The value of Ireland's food, drink and horticulture exports rose 4% to a record €13.5 billion last year, according to Bord Bia's newly-released Export Performance and Prospects report 2021/2022.
The report, the findings of which were published on Bord Bia's website, reveals that Ireland exported the equivalent of close to €37 million worth of food and drink every day in 2021 to over 180 countries.
The value of Irish food and drink exports last year was 2% higher than the value recorded for pre-COVID-19 pandemic 2019, according to the report.
Dairy Sector, Meat And Livestock, And Prepared Consumer Foods
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The dairy sector was worth over €5 billion in 2021, making it the largest element within Irish food and drink exports, and was followed by meat and livestock, which generated more than €3.5 billion in exports sales, and prepared consumer foods, which were worth over €2.5 billion.
Seafood And Drinks
The value of primary seafood exports rose by 6% to €485 million last year, while the value of drinks exports rose by 19% to €1.62 billion, with the value of whiskey exports increasing by 25% year-on-year to €856 million. However, overall beer exports decreased 3% to €246 million, according to the report.
As noted by Drinks Ireland, Irish cream liqueur exports increased 19% to be worth €367 million last year, while gin grew 38% from a lower base and Irish cider exports recorded a 50% recovery.
34% of Ireland's food and drink exports in 2021 were to markets outside of the EU and the UK, with 33% going to the EU and 33% also going to the UK, according to Bord Bia's report.
Bord Bia Chief Executive Statement
Bord Bia chief executive Tara McCarthy said in a statement published on Bord Bia's website, "The sector's ability to beat its 2019 performance and deliver a record year for Irish exports is truly impressive, and Irish food and drink producers and manufacturers deserve huge credit."
McCarthy added, "Sustainability will continue to be a key focus for Bord Bia both this year and in the years ahead, as we work in partnership with the Irish food, drink, and horticulture industry to meet the Irish government's carbon reduction targets and sustainability challenges. The government's Food Vision 2030 strategy outlines the central role that Origin Green will play in supporting Ireland’s food sector in achieving Ireland's environmental and sustainability goals. We look forward to helping Irish businesses to further embrace sustainability and ensure that Ireland continues to be acknowledged as a leader in sustainable food production."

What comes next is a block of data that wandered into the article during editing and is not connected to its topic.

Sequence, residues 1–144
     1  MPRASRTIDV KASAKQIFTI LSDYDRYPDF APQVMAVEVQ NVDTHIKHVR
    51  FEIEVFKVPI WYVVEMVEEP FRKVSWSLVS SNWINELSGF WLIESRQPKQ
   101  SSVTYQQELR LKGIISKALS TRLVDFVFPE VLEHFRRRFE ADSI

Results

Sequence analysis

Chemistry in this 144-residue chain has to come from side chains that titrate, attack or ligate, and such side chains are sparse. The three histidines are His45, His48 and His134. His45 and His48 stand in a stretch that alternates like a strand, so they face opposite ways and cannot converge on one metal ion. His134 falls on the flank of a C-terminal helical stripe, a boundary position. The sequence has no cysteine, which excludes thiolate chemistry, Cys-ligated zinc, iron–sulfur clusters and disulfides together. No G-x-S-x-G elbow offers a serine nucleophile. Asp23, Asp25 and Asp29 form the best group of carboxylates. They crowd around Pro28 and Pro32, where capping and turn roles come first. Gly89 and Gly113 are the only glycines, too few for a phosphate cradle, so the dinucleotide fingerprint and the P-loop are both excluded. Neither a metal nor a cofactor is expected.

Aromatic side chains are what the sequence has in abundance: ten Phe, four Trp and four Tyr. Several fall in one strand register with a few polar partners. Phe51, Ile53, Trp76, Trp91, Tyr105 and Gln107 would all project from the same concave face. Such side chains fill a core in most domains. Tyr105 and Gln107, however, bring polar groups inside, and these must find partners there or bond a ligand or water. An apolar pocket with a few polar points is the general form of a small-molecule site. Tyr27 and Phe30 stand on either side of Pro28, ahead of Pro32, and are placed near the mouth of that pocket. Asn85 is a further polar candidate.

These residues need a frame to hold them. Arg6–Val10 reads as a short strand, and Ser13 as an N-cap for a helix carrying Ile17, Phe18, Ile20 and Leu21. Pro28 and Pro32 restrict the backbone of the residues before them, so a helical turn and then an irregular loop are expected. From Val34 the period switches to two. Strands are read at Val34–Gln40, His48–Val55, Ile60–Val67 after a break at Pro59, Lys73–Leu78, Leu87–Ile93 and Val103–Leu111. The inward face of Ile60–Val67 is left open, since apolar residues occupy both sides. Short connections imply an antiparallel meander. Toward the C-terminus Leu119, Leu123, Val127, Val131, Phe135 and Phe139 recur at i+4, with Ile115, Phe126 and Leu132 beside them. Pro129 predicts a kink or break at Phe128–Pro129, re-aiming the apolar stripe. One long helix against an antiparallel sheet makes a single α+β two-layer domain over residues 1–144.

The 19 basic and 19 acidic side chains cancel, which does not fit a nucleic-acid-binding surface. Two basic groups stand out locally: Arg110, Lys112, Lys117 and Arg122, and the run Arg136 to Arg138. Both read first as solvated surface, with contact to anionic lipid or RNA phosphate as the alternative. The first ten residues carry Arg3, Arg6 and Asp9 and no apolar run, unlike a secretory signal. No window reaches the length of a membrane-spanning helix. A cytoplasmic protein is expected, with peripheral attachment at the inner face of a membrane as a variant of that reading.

Minister For Agriculture, Food And The Marine Statement
McCarthy's statement was accompanied by a statement from Minister for Agriculture, Food and the Marine Charlie McConalogue, in which he said, "Our world-class and globally-renowned food and drink sector continues to be one of the brightest shining lights of our economy. Given the difficult external factors, such as the COVID-19 pandemic and our nearest trading partner the UK moving outside the EU Customs Union, this really was an outstanding export performance by the food and drink sector, supported by Bord Bia. I pay tribute to our farmers, our fishers, and our food producers, as well as the processing and marketing sectors who drove this incredible performance.
"Our food and drink producers continue to innovate and seek new markets for their products, and it is truly heartening to see such an impressive performance from Ireland’s largest indigenous industry."
Drinks Ireland Director Statement
Meanwhile, Drinks Ireland director Patricia Callan stated, "The new figures illustrate the resilience of the Irish drinks industry, which demonstrated strong recovery last year after the difficulties of 2020, with overall exports returning to 2019 levels. The prospects for the drinks sector are broadly positive for 2022, with recovery expected to continue in the spirits sector, despite challenges in relation to inflation across the supply chain. A recovery in beer exports is also anticipated.
"Irish drinks producers continue to demonstrate remarkable innovation in response to trends in export markets. The report highlights the move towards premiumisation, as consumers drink ‘less but better’, and Ireland's quality drinks products fit very well into this niche. There has also been an increase in e-commerce delivery in key markets, as well as a growth in at home cocktail culture."
© 2022 Hospitality Ireland – your source for the latest industry news. Article by Dave Simpson. Click subscribe to sign up for the Hospitality Ireland print edition.